Blind and Blaming
Although it’s quite possible to get mad at ourselves, the energy of anger is generally directed outward and it’s often linked with blame. This tendency to blame, strike out, punish, and retaliate makes anger especially challenging to sit with, and a big source of interpersonal suffering. When we feel anger toward someone, our sense of “self” and “other” gets very solid. In this state, we exaggerate all the negative qualities of the other person and become blind to positive attributes, which in turn feeds the aversion. The complexity and nuance of the other is reduced to a monolithic negative cartoon called “the enemy.”
We often wonder why we’re angriest at those we’re closest to. For one thing, people who know us intimately also know what can hurt us the most. Someone said, “Your family knows how to push your buttons because they actually installed them.” But a less glib reason is that it tends to be safer to show anger to an intimate than to a stranger. You can express aggression to your partner when you’re actually mad at your boss, probably because it’s less likely your partner will fire you. We can be frustrated about ourselves but direct our anger outside. It’s uncanny that we can even get quite angry at inanimate objects—a door, a table, a wall, or a shoe.
And that very fact reveals something that illuminates what’s really happening: although it feels as if the source of anger is out there, the anger comes from within. Other people are just pretending to be the real enemies. In fact, it’s possible to see them as our “patience coaches,” offering us opportunities to explore and tame the anger habit. If everyone was nice and considerate, how could we train in patience, how could we learn to tame our anger?
There’s an old story about a man who was sailing his boat on clear and sunny day, when a dense fog rolled in. Just as he had decided to return to shore, he noticed the profile of another boat coming in his direction. “Keep your distance!” the boatman shouted, concerned about a possible collision. But the other boat just kept approaching. The boatman used all his skills to swiftly shift direction, so there was more room for the other boat. He got really upset when he saw that the other boat changed its own course, now coming directly to him. “Stay out of my way!” he shouted again, but the other boat just kept coming closer, until it finally crashed into his boat.
The man was enraged: “You idiot! What the hell are you doing?!” He got totally worked up and continued his rampage until the fog lifted enough so that he was able to see that the other boat was empty—it was just an old abandoned boat floating downstream. Now he was perplexed and frustrated: To whom could he express his anger? Could he project his anger onto an empty boat? Without a person to blame, it was impossible to keep the story of anger going.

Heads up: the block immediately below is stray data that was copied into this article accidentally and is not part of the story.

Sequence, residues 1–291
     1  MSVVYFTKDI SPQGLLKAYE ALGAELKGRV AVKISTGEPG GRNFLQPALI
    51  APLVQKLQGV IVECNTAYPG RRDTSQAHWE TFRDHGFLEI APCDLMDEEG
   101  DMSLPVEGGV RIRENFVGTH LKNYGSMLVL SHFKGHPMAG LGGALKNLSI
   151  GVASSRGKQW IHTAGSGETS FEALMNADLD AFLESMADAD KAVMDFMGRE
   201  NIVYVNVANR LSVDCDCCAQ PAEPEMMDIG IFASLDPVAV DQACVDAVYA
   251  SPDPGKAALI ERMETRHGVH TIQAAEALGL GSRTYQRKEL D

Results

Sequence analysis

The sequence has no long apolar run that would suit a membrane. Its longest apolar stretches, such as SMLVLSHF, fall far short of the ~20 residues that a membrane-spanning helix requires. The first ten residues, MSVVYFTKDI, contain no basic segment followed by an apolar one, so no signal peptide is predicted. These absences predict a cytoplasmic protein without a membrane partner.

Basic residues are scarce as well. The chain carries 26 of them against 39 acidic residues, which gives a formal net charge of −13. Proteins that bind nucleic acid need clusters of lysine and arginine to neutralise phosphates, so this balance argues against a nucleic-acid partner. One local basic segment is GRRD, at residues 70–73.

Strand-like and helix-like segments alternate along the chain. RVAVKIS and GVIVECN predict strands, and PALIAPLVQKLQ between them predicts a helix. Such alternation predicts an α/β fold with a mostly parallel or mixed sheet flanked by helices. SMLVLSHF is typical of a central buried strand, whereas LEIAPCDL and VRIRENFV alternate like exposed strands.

Ask yourself: Do I ever get mad at “empty boats”? If so, where does this anger come from? Where does it go?
Becoming aware of the inner terrain of anger can be helpful in catching it sooner and sparing ourselves and others the hurt and regret that often ensue from acting out anger. To work with anger, we need to see the space between trigger and reaction in order to mindfully look within.
Door Number Four
Anger is tricky because there’s a cost both to showing anger and to suppressing it. Suppressing doesn’t actually solve anything. It only postpones having to deal with anger while it keeps quietly simmering under the surface, wreaking havoc with our bodies. But if we show it, almost invariably we either hurt others or provoke retaliation. Another common habit is unconsciously “feeding” the mind states of anger with our stories of blame and victimization, thereby reinforcing the anger habit.
It’s rare that therapists nowadays advise their clients to act out their anger with real or symbolic others (punching pillows, shouting loudly in an empty room, and so on), partially because brain science has demonstrated that each time anger is expressed it gets rehearsed and strengthened. The idea that if you let your anger out you will reach peace and calm is simply not true—the satisfaction of the discharge will invariably be transient relief. And the anger will be saying, “I’ll be back.”